A change in date for the start of school likely came as welcome news for some students but not for teachers and administrators hoping to improve the Los Angeles Unified School District's test scores.
Tuesday after labor day normally marks beginning of school for thousands of students but budget cuts and furloughs have forced the LAUSD push back the date to September 13.
The nation's second largest school district is facing a looming $640 million dollar shortfall. In an effect to cut costs, unions representing teachers agreed to take five unpaid furlough days this year, and seven unpaid days off next year. The move is estimated to save nearly $180 million.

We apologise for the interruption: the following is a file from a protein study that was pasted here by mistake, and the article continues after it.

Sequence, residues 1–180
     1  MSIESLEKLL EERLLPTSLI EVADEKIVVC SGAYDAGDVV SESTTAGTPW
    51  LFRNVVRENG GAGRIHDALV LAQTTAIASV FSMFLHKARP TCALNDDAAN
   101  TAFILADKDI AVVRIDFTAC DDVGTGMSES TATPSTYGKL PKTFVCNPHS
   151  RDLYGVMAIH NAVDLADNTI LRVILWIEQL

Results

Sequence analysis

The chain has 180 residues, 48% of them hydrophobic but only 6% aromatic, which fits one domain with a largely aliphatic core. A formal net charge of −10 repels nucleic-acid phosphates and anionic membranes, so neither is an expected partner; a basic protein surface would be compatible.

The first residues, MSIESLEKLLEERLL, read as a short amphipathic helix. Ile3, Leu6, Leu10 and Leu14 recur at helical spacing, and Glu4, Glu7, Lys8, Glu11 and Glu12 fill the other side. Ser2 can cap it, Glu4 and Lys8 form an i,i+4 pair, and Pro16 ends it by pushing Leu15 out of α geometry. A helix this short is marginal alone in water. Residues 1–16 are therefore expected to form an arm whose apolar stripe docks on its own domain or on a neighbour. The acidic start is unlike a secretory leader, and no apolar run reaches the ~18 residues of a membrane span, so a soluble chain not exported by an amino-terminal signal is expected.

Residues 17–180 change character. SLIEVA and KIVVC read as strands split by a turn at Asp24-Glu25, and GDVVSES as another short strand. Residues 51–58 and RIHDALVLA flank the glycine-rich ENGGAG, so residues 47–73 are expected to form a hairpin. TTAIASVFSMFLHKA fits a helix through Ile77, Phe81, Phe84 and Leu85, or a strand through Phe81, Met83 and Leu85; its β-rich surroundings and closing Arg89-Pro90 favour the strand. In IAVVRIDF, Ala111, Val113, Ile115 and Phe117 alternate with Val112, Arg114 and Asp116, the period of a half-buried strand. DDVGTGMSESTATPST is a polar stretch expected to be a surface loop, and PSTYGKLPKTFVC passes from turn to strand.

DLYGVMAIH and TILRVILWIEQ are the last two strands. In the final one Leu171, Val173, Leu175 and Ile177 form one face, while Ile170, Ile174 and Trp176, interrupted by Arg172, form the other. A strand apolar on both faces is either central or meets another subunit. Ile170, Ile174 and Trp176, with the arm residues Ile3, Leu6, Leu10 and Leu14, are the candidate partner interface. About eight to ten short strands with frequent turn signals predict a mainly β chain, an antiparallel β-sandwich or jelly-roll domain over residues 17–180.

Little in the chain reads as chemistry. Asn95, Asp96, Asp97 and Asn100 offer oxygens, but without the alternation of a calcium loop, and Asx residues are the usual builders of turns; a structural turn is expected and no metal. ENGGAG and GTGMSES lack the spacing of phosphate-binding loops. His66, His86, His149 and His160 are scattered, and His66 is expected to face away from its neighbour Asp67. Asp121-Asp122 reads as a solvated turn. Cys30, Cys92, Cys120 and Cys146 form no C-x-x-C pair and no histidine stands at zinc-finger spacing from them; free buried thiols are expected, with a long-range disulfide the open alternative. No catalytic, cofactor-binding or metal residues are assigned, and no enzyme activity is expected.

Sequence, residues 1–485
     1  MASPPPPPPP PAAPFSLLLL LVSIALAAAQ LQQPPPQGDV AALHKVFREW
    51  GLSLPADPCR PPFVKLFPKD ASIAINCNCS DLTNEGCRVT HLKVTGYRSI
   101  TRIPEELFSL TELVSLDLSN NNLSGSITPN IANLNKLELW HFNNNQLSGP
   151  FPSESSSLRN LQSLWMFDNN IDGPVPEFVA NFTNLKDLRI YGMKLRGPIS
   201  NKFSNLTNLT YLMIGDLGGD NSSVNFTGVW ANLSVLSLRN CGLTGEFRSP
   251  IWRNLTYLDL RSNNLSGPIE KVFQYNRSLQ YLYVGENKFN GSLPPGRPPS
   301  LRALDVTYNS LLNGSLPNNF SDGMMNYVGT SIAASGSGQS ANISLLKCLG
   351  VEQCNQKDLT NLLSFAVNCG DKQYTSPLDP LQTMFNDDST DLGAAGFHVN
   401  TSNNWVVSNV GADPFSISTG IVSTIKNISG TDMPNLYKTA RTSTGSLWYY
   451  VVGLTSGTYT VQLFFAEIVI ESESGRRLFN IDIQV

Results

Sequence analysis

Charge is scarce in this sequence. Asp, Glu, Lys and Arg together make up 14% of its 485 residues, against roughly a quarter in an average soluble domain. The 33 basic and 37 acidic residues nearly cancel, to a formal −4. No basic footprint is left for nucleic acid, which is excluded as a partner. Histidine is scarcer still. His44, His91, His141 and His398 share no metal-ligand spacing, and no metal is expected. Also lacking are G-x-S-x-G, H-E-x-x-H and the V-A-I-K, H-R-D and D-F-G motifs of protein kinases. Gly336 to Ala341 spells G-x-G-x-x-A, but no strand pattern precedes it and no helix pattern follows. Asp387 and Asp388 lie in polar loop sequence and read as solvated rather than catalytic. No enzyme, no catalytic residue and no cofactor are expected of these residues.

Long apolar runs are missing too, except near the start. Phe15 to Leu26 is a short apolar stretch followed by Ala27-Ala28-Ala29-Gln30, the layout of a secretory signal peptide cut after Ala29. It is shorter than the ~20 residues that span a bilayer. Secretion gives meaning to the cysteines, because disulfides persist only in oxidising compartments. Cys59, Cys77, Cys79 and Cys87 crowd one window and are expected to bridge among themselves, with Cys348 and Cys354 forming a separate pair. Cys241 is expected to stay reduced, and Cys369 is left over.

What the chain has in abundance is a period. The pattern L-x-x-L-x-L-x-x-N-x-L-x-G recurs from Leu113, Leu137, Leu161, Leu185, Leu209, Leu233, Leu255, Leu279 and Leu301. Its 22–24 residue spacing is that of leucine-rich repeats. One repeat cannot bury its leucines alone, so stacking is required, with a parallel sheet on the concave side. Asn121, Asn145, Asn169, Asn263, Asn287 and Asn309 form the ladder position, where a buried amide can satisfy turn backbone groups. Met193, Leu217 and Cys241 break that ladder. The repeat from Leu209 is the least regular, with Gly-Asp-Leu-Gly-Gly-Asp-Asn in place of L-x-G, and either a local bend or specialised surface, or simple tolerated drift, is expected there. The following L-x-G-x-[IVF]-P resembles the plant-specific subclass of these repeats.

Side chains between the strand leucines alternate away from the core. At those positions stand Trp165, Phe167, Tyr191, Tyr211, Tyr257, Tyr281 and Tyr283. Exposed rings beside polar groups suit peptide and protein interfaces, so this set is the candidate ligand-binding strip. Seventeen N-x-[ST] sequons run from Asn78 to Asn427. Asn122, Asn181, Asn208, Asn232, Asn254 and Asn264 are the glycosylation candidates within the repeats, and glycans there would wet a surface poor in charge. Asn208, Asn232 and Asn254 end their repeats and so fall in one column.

Despite the tough economic conditions, in August the LAUSD actually showed improvement in student standardized scores.
"Through it all, and under the most extraordinary circumstances, teachers and students prevailed," said LAUSD Superintendent Ramon Cortines following the release of the results. "At the elementary level, the strong foundation we built in previous years continues. More students are scoring at the advanced level, both in English language arts and in mathematics."
Not all students are celebrating their extended vacations. Charter school students and select high schools with extended year schedules have already started the school year.